It’s the end of the road for the Apple Car

Fresh claims that Apple has shelved its project to build a semi-autonomous vehicle have emerged, and this time they ring true. But the company will be enjoying the benefits of its efforts for years to come.

What happened to the Apple car?

Bloomberg claims Apple has halted development on the Apple Car project (Project Titan) because the company no longer thinks the project is viable.

Chief Operating Officer Jeff Williams allegedly told the 2,000-strong team that no more work will be done on the vehicle. Some members of the team will be shifted to work in Apple’s Artificial Intelligence division, as it works towards its own response to the generative AI (genAI) wave.

There have been on/off reports on the project from within the company for years. This work reportedly suffered changes in goals and leadership over time, though those reported changes may have simply reflected necessary strategic shifts.

There will be benefits from the project.

“But wait,” you might ask. “What benefits exist for a failed project Apple has poured billions into?”

Here are just three:

Apple Silicon

It takes a lot of computational power to run a ChatGPT query. That is why the system relies on cloud-based servers. Autonomous vehicles also require intense computational power. That is, in part, why beyond some very limited scenarios, truly autonomous vehicles still don’t really exist; the power of the processor puts a brake on what they can do.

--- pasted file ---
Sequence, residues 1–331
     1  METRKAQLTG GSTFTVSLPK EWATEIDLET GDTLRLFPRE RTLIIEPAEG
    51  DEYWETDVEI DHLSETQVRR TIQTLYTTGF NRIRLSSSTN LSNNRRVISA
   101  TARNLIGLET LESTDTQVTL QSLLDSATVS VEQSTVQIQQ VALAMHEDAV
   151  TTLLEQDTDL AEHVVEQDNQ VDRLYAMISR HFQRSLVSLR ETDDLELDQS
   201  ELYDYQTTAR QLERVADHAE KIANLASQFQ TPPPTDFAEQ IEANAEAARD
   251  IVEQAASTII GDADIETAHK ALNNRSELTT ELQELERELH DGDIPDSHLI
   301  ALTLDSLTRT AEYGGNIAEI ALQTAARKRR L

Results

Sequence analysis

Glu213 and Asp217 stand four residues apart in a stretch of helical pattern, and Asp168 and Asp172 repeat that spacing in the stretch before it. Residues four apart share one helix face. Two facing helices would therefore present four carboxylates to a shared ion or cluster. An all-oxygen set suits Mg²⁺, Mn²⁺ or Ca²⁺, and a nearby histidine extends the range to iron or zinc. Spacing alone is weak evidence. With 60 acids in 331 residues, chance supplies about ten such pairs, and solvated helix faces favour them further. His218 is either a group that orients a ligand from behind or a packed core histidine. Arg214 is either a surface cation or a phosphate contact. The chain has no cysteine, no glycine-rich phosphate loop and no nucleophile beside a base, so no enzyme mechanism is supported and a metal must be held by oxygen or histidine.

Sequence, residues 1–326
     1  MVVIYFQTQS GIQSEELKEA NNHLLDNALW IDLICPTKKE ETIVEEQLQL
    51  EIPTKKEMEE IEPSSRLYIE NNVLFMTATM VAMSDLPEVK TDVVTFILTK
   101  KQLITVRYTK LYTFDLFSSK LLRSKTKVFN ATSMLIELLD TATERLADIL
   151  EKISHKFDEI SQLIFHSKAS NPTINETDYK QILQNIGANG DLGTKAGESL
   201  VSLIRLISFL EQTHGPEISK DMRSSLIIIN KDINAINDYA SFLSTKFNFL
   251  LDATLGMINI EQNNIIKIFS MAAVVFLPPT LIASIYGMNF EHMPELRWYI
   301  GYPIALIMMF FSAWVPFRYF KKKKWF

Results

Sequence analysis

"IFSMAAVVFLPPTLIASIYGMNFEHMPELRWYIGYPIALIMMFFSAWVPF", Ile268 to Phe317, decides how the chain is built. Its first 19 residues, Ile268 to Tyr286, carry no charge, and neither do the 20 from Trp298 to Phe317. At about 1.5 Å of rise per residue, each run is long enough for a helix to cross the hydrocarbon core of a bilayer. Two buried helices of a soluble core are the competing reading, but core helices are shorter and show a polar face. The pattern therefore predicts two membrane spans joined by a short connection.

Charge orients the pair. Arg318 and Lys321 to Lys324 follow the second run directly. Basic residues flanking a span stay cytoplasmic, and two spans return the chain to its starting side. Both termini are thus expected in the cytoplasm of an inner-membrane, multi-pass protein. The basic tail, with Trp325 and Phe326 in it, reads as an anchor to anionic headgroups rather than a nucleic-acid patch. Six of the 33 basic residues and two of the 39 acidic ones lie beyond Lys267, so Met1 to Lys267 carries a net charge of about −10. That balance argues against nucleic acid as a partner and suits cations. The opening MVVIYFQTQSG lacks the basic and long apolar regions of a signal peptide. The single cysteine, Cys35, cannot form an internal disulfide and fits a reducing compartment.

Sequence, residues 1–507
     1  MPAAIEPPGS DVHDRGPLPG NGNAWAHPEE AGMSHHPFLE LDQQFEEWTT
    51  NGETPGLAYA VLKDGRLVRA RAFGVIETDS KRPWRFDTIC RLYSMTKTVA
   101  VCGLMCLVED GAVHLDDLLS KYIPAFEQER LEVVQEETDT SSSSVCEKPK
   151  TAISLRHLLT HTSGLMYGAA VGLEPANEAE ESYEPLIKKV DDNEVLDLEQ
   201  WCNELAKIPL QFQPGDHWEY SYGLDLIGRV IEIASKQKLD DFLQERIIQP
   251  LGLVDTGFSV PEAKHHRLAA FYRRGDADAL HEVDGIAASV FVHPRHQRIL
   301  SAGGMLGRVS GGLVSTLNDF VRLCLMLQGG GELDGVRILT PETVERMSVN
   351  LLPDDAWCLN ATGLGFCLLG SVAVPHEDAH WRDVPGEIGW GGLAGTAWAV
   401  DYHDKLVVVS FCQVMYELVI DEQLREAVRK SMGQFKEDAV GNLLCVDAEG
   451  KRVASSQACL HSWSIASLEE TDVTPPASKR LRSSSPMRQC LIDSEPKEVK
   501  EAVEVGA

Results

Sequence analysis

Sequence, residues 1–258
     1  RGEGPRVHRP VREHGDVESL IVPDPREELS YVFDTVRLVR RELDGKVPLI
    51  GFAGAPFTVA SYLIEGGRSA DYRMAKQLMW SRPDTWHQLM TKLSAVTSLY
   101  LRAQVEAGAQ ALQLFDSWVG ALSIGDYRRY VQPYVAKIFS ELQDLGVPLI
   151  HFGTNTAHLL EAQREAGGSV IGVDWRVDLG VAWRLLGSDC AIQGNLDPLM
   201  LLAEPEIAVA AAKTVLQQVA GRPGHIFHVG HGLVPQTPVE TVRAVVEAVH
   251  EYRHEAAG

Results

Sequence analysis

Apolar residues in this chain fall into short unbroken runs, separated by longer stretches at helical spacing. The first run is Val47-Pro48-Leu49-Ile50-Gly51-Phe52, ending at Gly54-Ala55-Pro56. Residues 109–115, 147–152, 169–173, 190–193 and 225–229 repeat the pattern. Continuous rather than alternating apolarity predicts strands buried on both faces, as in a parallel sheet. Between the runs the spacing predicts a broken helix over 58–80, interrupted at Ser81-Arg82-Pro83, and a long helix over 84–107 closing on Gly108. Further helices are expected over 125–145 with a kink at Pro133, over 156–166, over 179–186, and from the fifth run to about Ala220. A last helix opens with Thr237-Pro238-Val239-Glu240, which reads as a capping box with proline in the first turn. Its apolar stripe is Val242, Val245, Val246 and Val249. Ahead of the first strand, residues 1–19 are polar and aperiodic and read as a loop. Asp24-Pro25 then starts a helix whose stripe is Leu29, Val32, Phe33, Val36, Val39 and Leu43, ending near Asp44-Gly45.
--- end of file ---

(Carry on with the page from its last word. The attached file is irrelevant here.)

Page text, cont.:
A moving vehicle cannot be expected to connect 100% of the time to a server to handle the complex demands of navigating people, buildings, and traffic, particularly when it goes underground. Apple’s R&D teams surely saw this need coming, which likely encouraged the company to build its own super-fast, low-power Apple Silicon chips. That’s not the only reason, of course, but the power of the chip in your iPhone, iPad, or Mac is in part attributable to the need to build a system capable of handling road traffic at the edge, no server required.

Metal process evolution

Apple doesn’t use just any aluminium; it uses a recycled alloy that relies on advanced processes.

Given the sheer quantity of metal in any vehicle it’s plausible to believe that at least one of the reasons Apple invested in a more environmentally aware metals production process was because it knew it would need a lot of this stuff. It already uses a great deal and its existing products are much smaller than a car.

I’ve little doubt that Apple’s environmental teams have learned a great deal from their part in the Apple Car exercise. That insight will directly inform the company’s ongoing attempts to build circular manufacturing processes.

Perhaps Apple realized that you cannot replace all the world’s vehicles and maintain any sense of environmental responsibility.

As Autocar notes, the company also tried (and seemingly failed) to find an existing automaker or other manufacturing partner prepared to build vehicles on its behalf; Hyundai was briefly in the frame for the task and Apple execs met European manufacturers as recently as last month.

But if you can’t make the vehicle, you can still make (some) of the AI….

Mapping and chums

Apple has invested huge amounts of cash in Maps. That money has become a fully-featured Maps app, along with plenty of supporting technologies — not least, in machine vision intelligence. All the work Apple’s car team likely did toward developing systems that accurately recognize the world around them feeds into similar efforts we see each time we translate a street sign with our iPhone, or hold up the device to map a room using LiDAR.